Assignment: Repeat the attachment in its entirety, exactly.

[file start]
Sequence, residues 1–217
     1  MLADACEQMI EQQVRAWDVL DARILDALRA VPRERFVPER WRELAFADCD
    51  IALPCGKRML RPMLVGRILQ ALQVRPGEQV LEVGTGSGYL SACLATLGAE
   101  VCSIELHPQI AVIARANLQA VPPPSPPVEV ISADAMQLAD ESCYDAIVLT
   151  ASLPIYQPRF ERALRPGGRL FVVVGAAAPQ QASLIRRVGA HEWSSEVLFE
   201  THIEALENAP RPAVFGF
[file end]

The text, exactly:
Sequence, residues 1–217
     1  MLADACEQMI EQQVRAWDVL DARILDALRA VPRERFVPER WRELAFADCD
    51  IALPCGKRML RPMLVGRILQ ALQVRPGEQV LEVGTGSGYL SACLATLGAE
   101  VCSIELHPQI AVIARANLQA VPPPSPPVEV ISADAMQLAD ESCYDAIVLT
   151  ASLPIYQPRF ERALRPGGRL FVVVGAAAPQ QASLIRRVGA HEWSSEVLFE
   201  THIEALENAP RPAVFGF